The Juicy Details: What You Need To Know About Juice
Juicing isn't going anywhere. This white-hot trend spans from yoga mums grabbing a green juice in the morning to fitness fanatics embarking on days-long juice fasts in order to detox their systems. But for such a simple and wholesome thing, there's a lot of misinformation and confusion surrounding juicing - which is where we come in!
A Fresh Start
First things first, we're not talking about the sugar-loaded cartons of generic brand orange juice at your local store. When we say juice we mean the real deal: either cother cold-pressed from a health food store or homemade with your own juicer.
The benefits to drinking juice are obvious. By gulping down the liquid nutrients of potentially dozens of fruit and vegetables, you're loading your body up with all the vitamins and minerals they have to offer without having to actually sit and eat them. So juicing is a good option if you're tight on time or if you struggle to fit all the fruit and vegetables into your diet that you know you should.
Proponents of juicing claim that it is better for you than is eating whole fruits and vegetables because your body may find it easier to absorb nutrients in juice-form. They also claim that it gives your digestive system a rest from working on digesting fiber. Juicing has been associated with lower risks of cancer, boosting the immune system, helping remove toxins from your body, aiding digestion and helping you lose weight.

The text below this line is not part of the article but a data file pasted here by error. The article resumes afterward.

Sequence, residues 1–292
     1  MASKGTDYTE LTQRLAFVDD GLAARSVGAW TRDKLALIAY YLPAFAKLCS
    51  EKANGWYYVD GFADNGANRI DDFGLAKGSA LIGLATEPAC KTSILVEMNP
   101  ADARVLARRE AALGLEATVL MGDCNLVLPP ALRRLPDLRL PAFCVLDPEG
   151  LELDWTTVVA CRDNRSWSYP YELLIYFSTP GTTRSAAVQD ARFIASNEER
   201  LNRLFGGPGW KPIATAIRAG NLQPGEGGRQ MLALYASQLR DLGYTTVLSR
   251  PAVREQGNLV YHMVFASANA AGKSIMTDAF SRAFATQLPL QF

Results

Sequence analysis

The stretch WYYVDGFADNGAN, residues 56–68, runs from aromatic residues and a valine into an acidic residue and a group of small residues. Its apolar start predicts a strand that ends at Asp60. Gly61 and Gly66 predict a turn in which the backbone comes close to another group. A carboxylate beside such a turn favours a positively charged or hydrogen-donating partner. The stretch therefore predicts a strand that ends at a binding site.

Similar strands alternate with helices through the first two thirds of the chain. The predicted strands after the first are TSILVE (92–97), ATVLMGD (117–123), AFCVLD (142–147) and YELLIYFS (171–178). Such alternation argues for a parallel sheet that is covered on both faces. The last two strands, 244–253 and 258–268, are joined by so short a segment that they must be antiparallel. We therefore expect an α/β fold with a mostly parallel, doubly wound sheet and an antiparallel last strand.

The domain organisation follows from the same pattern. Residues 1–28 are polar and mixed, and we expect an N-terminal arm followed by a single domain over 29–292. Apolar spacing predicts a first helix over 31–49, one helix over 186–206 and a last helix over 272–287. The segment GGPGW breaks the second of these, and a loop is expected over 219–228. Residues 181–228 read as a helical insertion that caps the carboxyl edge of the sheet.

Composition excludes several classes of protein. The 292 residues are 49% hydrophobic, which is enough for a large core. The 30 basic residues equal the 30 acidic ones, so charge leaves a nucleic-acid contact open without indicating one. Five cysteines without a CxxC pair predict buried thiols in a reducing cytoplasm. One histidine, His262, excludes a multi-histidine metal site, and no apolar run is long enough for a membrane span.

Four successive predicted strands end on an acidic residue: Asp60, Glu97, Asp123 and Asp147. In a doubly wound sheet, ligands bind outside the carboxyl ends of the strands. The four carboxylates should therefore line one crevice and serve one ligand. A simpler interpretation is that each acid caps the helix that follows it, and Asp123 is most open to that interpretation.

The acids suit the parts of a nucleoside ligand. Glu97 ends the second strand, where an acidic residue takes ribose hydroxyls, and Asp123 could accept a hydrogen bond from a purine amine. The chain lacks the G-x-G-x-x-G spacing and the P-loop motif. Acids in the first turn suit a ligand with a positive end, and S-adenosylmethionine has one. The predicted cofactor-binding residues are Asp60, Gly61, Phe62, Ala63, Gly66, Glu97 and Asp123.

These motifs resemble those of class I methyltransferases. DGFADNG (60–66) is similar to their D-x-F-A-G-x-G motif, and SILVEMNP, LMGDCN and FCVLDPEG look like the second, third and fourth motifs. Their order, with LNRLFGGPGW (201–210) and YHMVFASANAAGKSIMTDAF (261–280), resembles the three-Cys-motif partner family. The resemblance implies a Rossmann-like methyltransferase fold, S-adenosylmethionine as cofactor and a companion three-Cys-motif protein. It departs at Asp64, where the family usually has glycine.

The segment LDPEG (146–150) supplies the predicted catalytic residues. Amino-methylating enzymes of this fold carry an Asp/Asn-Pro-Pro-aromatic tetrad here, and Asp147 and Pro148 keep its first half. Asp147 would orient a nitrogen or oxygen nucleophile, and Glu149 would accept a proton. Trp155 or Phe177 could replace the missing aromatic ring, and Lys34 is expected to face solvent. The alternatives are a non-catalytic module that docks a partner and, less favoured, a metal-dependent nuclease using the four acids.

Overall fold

Let's Talk Tools
To the uneducated eye, juicers and blenders may seem like interchangeable kitchen utensils but in reality the two offer completely different products.
Juicers are often more expensive and don't seem to make kitchen-top appearances as often as blenders, perhaps because of their one-trick-pony status. Juicers work by extracting the liquid nutrients from raw fruit and veggies and leave the dry pulp behind. So while you're able to drink up more nutrients without getting full, you're missing out on the fiber content of what you're juicing. Blenders on the other hand blend everything together into a fiber-filled smoothie which is therefore much more of a filling drink.
So while drinking fresh juice is a healthy addition to breakfast or makes a smart mid-morning snack, the truth is, there are no actual benefits to juicing over eating whole fruit and vegetables. In fact, by omitting the fiber from the produce, you lose out of one of the key health benefits of eating fruit and vegetables to begin with.
As for detox diets, it's a contentious issue. Many individuals embark on juice cleanses in order to 'detoxify' their bodies but it’s not clear that this process actually has any sustainable benefits. There are actually some other pretty good reasons to avoid ‘cleanse’ or ‘detox’ diets altogether. After all, we have entire organs in our bodies that exist solely to detox us. Healthy livers and kidneys are more than capable of handling any undesirable substances our body takes in!
Never miss a post from VeggieBuzz!
Sign up for our newsletter to get the latest VeggieBuzz content delivered right to your inbox.